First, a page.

Fall is a glorious time of year. The weather is getting a bit cooler and the days a bit shorter. If you are like most Americans, your family is spending more time indoors as the outdoor activities of summer wind down. That’s why right now is a great time to think about your indoor air quality.
Air pollution is a major concern in the U.S., especially near heavily populated areas. The U.S. Environmental Protection Agency reports that indoor air is often 2 to 5 times more polluted than outdoor air. How can this be? And can you do anything to help?
The amount of air pollution in your home is affected by several factors and there are many sources of pollution. Some of these sources come from outside your home. Other sources come from inside. Some you can control; others you can’t.
Outdoor pollutants and allergens enter your home by infiltration and ventilation, directly affecting the air in your home. Pollutants like car exhaust, pollen, smoke, insecticides, fertilizers and mold spores hitch a ride into your home on air currents, your clothing, shoes, hair and pets.
When these pollutants settle on surfaces outside, wind, rain and sunshine combine to neutralize, sweep and wash them away. Unfortunately, this is not the case inside your home. These same pollutants tend to accumulate inside your house on floors, furnishings, surfaces and in the air.
Because we live, eat, sleep, play and often work in our homes, we generate a significant amount of allergens and pollutants from inside our homes too. Did you know that you shed around a million dead skin cells every day? These dead cells are a food source for dust mites as well as other microbial life forms. Dust mite feces and dead dust mites are potent allergens and every home has millions of them. House pets also contribute to indoor air quality issues.
Then there are the sticky and oily residues from cooking gases that eventually settle on surfaces. Certain types of furniture, plastics and textiles also release gases that can affect indoor air quality. If you have a furnace that burns fuel such as gas, oil, or wood, by-products of combustion add to the problem.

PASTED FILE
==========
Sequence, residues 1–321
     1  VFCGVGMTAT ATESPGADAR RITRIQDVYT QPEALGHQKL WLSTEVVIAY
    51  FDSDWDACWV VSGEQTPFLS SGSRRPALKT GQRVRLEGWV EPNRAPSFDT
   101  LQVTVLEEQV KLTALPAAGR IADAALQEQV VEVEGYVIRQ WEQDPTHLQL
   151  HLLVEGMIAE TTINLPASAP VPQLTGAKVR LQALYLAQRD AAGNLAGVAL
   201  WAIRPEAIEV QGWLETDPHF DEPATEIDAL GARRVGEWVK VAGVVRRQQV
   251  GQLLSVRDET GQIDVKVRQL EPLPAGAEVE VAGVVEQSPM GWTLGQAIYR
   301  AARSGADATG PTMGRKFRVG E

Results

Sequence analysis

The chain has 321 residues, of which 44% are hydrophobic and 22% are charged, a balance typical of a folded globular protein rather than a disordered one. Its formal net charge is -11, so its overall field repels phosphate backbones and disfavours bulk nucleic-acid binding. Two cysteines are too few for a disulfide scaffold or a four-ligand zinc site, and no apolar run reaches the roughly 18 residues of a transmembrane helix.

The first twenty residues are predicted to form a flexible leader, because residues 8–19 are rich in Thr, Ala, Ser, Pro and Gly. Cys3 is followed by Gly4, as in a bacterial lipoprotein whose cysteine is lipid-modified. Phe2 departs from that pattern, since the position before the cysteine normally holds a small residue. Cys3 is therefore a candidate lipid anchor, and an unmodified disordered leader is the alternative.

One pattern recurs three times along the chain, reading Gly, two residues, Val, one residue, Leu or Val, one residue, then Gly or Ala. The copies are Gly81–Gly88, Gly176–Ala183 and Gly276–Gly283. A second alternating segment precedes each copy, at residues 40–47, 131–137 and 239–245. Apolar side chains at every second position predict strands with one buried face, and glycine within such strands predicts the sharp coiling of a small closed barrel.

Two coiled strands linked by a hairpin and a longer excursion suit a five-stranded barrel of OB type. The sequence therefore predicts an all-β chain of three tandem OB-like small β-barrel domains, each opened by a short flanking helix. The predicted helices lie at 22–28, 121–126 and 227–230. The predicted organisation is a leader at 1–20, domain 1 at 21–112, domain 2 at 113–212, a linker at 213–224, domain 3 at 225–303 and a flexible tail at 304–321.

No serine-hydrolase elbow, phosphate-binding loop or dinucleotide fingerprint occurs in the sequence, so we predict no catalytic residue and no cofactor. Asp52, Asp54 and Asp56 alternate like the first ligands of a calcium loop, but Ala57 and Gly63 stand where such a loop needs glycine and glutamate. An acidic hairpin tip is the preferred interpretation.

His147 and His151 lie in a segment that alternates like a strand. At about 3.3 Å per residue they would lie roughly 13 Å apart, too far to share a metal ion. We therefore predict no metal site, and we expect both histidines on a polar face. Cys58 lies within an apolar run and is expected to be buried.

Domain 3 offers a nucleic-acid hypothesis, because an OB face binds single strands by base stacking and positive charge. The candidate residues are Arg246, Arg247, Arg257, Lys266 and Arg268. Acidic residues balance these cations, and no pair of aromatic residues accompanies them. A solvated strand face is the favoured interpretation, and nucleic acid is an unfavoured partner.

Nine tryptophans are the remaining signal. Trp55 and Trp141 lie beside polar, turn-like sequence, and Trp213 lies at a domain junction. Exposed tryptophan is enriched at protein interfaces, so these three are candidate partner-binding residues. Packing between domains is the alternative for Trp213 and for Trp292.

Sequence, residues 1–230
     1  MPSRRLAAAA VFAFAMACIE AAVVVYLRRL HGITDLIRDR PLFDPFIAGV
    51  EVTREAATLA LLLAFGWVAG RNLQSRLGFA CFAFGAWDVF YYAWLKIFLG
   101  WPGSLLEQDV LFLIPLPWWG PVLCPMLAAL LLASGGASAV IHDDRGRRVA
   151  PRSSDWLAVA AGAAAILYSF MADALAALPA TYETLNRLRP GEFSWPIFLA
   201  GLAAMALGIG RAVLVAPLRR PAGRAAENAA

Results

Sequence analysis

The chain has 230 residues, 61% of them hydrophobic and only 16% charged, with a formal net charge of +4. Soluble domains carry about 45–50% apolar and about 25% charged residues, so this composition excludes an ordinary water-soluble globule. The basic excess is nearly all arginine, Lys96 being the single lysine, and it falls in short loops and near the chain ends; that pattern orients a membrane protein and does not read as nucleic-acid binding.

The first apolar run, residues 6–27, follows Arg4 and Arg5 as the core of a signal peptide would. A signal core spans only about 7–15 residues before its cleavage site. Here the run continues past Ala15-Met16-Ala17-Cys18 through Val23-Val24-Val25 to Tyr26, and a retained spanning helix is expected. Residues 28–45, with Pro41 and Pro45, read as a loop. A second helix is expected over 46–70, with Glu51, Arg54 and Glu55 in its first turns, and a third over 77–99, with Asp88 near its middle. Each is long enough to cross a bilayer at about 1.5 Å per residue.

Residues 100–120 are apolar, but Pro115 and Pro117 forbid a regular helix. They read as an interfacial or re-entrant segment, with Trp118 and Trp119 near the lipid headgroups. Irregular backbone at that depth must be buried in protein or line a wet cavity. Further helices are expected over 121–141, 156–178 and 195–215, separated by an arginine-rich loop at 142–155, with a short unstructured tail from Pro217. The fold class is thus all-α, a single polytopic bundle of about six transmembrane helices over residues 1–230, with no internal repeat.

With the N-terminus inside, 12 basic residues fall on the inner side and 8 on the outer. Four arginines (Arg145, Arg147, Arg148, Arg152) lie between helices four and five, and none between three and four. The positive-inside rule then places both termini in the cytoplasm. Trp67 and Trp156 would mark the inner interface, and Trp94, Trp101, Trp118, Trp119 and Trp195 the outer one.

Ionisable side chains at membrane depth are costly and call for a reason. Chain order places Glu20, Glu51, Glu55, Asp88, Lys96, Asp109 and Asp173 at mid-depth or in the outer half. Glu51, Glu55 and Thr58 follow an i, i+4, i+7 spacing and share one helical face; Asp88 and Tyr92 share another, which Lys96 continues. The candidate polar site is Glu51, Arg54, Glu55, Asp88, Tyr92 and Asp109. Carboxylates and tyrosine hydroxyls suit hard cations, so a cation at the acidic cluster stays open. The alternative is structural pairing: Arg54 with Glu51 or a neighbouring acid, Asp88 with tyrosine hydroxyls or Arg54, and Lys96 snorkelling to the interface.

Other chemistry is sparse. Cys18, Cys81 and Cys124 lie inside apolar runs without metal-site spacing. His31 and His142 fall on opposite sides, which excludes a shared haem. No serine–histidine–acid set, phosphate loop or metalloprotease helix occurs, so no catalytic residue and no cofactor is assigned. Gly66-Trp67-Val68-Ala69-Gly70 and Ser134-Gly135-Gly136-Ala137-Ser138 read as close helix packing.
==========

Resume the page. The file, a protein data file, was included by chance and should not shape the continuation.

After all of this, you may wonder if it is safe to stay in your home. Don’t be alarmed. There is a lot you can do to improve indoor air quality. Invest in high quality air filters for your HVAC (heat, ventilation, air-conditioning) system. These filters are rated based on their efficiency at trapping tiny particles. The rating is called MERV. The higher the MERV rating, the more effective the filter.
Professional duct cleaning helps to remove contaminants that accumulate on the inner surfaces of your HVAC system.
Use a vacuum cleaner equipped with HEPA filtration. HEPA filters trap the smallest particles including dust mite feces, dead skin, pollen and mold spores. Other vacuum cleaners simply spew these tiny particles back into the air, making matters worse.
Use bathroom exhaust fans and range hoods to remove excessive humidity and cooking gases that can con-tribute to indoor air pollution. High humidity encourages bacteria and mold growth.
Cleaning carpets, upholstery, and area rugs returns them to a healthful condition and improves indoor air quality by removing pollutants and allergens that bond to these surfaces.
Cleaning your carpets, rugs and upholstery right now makes perfect sense. You are going to be spending more time indoors. You and your family deserve a clean, healthy home. If you have guests visiting for the holidays, your home will look, smell and feel fresh and clean.
Call A Cleaner Carpet Cleaner today to schedule your fall cleaning. You and your family will breathe easier.